ESPN Should Join Jemele Hill in Anti-Trump Stance

Nathan Carpenter, Editor-in-Chief

There is a pervasive narrative in the United States that sports and politics should not mix — that we should leave our entertainment unsullied by the hard work of navigating the often-taxing challenges of living together in society.

That inherently contradictory argument does not stand up to any kind of scrutiny. The birth of sports itself was political in nature — to pretend otherwise is to ignore reality. Nations came to the first Olympic games under flags of truce, and used the competitions to assert political strength over their rivals. Since then, while many have tried to obscure these elements of sports, its cultural history, impact, and relevance cannot be denied.

Debate over the separation of sports and politics reignited in a big way on Sept. 11, when SportsCenter host Jemele Hill tweeted, “Donald Trump is a white supremacist who has largely surrounded himself w/ other white supremacists.”

Immediately, the internet exploded with people on both sides of the issue, either praising Hill for speaking truth to power or demanding that ESPN immediately terminate her employment.

Largely ignored by the folks who have called for Hill to be fired is that her statement is categorically true, for reasons that have been documented repeatedly since Trump declared his candidacy.

Hill’s honesty should not be dismissed as an important factor in the decision ESPN now faces to either retain or let go of Hill. In a time when false equivalencies dominate public discourse on a number of important topics, it is vital to maintain a commitment to the truth in all aspects of both public and private life.

The argument for Hill’s firing is the same one that was made when Colin Kaepernick first knelt for the national anthem, when many other athletes followed Kaepernick’s lead, when LeBron James wore a shirt reading “I Can’t Breathe” to protest the police murder of Eric Garner, or when then-President Barack Obama was booed at NFL stadiums across the nation during a pre-recorded video of his remembrances of Sept. 11, 2001.

The common thread between these and many similar incidents is that the folks who regularly call for the separation of sports and politics only believe in the separation of sports and a certain brand of politics — namely, progressive politics that advocate for racial, gender, and social justice, among other things.

Other strains of politics — particularly patriotism and nationalism — are perfectly acceptable to this crowd. I am willing to bet that most of those advocating against Hill do not bat an eye when asked to stand and place their hands over their hearts for the national anthem. They cheer when fighter jets fly over football stadiums to showcase military strength.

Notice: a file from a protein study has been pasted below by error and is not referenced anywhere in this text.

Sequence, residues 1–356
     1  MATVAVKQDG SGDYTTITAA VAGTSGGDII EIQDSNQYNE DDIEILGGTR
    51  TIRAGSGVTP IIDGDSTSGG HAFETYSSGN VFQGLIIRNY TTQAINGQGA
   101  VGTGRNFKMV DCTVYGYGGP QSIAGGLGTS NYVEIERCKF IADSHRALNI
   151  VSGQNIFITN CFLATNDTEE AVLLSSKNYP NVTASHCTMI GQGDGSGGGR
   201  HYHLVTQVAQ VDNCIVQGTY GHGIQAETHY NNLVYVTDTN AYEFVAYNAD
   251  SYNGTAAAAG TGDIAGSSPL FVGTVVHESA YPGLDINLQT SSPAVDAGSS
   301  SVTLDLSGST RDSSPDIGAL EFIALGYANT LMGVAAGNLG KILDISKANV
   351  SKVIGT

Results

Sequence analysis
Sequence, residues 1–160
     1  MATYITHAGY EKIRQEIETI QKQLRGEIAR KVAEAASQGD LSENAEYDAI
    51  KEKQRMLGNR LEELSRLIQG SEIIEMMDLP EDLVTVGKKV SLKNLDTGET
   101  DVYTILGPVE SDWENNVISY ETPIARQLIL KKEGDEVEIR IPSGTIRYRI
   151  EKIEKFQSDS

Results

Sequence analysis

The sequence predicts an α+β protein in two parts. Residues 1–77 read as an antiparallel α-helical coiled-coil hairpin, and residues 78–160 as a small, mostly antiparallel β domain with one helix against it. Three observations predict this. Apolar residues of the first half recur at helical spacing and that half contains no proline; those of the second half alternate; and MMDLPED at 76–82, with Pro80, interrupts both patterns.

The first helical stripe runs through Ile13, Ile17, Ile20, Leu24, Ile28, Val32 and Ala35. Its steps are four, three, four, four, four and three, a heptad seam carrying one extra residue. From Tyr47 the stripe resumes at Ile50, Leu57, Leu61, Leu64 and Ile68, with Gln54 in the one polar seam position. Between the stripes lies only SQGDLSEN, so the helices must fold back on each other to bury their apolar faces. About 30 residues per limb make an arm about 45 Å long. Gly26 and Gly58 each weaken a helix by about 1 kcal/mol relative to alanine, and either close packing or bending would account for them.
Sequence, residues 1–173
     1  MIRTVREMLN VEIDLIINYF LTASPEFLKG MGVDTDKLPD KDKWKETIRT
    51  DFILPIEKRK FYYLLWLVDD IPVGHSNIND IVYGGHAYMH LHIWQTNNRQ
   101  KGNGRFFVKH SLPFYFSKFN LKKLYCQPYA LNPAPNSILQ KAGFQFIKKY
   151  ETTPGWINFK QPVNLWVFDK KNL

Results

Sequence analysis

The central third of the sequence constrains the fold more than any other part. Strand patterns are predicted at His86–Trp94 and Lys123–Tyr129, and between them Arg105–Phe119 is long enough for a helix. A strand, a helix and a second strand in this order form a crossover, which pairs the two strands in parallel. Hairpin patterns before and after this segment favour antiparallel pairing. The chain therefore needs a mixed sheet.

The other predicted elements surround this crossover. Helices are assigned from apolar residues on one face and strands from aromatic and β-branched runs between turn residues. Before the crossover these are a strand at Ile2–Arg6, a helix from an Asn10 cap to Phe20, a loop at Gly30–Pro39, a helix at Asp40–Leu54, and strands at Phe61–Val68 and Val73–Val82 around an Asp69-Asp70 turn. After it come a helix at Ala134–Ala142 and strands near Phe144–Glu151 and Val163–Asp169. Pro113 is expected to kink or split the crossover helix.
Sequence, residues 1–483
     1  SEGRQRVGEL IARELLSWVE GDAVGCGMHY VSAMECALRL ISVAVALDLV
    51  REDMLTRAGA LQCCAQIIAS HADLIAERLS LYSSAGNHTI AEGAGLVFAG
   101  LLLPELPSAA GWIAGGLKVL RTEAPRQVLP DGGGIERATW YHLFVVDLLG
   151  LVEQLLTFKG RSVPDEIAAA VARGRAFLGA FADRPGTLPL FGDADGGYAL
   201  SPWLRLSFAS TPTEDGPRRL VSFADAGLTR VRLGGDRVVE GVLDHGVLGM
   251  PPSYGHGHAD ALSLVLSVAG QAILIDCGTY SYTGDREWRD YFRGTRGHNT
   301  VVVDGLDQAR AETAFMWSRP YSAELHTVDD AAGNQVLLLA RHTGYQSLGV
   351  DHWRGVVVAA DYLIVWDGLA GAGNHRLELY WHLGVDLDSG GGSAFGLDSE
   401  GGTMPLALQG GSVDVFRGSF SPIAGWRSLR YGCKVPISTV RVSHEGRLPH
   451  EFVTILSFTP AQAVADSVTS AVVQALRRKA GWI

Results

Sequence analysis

When former MLB All-Star and ESPN analyst Curt Schilling tweeted a transphobic image in 2016, we heard outrage from the anti-Hill camp — but it was directed at ESPN for firing Schilling, and not at Schilling himself for spreading hate speech.

That is naked politics wrapped in the ever-weakening façade of the conservative free-speech argument, which increasingly confuses freedom from censorship with freedom from being socially ostracized for expressing viewpoints that threaten the humanity of others.

Any claim, then, that outrage about Hill’s tweet is grounded in a deep-seated conviction to keep politics out of sports is hypocritical. The indignation is instead borne out of a profound sense of discomfort with truths that can sometimes be difficult, and a desire to have a space free of those truths.

Now, ESPN must decide what route to take with Hill. It appears, given that the tweet in question is now nearly two weeks old, that they will choose to retain her as an employee. However, they also have not indicated support for Hill in any meaningful way.

After President Donald Trump — in a bizarre move that quickly become the norm — demanded an apology from ESPN via Twitter, the company issued several public statements and ESPN President John Skipper circulated an internal memo regarding the incident.

“ESPN is not a political organization,” the memo stated. “Where sports and politics intersect, no one is told what view they must express. At the same time, ESPN has values. We are committed to inclusion and an environment of tolerance where everyone in a diverse work force has the equal opportunity to succeed. We consider this human, not political. Consequently, we insist that no one be denigrated for who they are including their gender, ethnicity, religious belief, or sexual identity.”

While ESPN is a private company and can create its own internal policy — within reason — its response to Hill’s tweet is less than satisfactory. If ESPN is truly committed to inclusion and tolerance, as they say they are, then they would join Hill in condemning Trump, who has spent the first eight months of his presidency actively encouraging white supremacists across the country.

Calls for Jemele Hill to be fired in the interest of divorcing politics from sports are both futile and misleading. As long as sports continues to be a social institution, it will also continue to be political — and that’s not a bad thing. If there was ever a time to reject political involvement, that time is not now. Athletes and other sports figures have an opportunity to engage with both the history of sports and current events in an important way — to deny them that opportunity would not be in the interest of a progressive public discourse.